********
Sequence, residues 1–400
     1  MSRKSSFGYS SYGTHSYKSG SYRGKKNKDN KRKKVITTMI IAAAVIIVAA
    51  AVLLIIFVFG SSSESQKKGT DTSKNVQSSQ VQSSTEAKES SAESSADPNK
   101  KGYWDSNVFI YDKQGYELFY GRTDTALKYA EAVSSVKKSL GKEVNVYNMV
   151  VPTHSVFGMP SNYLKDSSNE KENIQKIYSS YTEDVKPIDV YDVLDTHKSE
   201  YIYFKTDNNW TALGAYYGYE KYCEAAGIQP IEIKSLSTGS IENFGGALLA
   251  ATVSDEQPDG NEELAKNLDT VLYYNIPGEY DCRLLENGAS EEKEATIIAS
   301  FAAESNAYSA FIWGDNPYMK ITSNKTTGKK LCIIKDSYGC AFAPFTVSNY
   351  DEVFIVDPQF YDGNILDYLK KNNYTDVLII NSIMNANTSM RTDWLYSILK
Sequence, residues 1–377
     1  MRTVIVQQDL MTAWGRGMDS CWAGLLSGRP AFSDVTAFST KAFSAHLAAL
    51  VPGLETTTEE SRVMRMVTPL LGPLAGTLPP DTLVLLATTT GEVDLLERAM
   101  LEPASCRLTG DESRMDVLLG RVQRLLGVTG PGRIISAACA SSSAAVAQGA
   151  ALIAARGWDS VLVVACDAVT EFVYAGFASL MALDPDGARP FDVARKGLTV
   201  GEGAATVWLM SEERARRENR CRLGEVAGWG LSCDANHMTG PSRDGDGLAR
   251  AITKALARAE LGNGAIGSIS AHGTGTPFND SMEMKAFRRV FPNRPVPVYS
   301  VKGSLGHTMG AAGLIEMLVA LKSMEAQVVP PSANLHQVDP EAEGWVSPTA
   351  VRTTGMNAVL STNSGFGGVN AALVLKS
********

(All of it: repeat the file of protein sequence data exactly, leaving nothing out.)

Sequence, residues 1–400
     1  MSRKSSFGYS SYGTHSYKSG SYRGKKNKDN KRKKVITTMI IAAAVIIVAA
    51  AVLLIIFVFG SSSESQKKGT DTSKNVQSSQ VQSSTEAKES SAESSADPNK
   101  KGYWDSNVFI YDKQGYELFY GRTDTALKYA EAVSSVKKSL GKEVNVYNMV
   151  VPTHSVFGMP SNYLKDSSNE KENIQKIYSS YTEDVKPIDV YDVLDTHKSE
   201  YIYFKTDNNW TALGAYYGYE KYCEAAGIQP IEIKSLSTGS IENFGGALLA
   251  ATVSDEQPDG NEELAKNLDT VLYYNIPGEY DCRLLENGAS EEKEATIIAS
   301  FAAESNAYSA FIWGDNPYMK ITSNKTTGKK LCIIKDSYGC AFAPFTVSNY
   351  DEVFIVDPQF YDGNILDYLK KNNYTDVLII NSIMNANTSM RTDWLYSILK
Sequence, residues 1–377
     1  MRTVIVQQDL MTAWGRGMDS CWAGLLSGRP AFSDVTAFST KAFSAHLAAL
    51  VPGLETTTEE SRVMRMVTPL LGPLAGTLPP DTLVLLATTT GEVDLLERAM
   101  LEPASCRLTG DESRMDVLLG RVQRLLGVTG PGRIISAACA SSSAAVAQGA
   151  ALIAARGWDS VLVVACDAVT EFVYAGFASL MALDPDGARP FDVARKGLTV
   201  GEGAATVWLM SEERARRENR CRLGEVAGWG LSCDANHMTG PSRDGDGLAR
   251  AITKALARAE LGNGAIGSIS AHGTGTPFND SMEMKAFRRV FPNRPVPVYS
   301  VKGSLGHTMG AAGLIEMLVA LKSMEAQVVP PSANLHQVDP EAEGWVSPTA
   351  VRTTGMNAVL STNSGFGGVN AALVLKS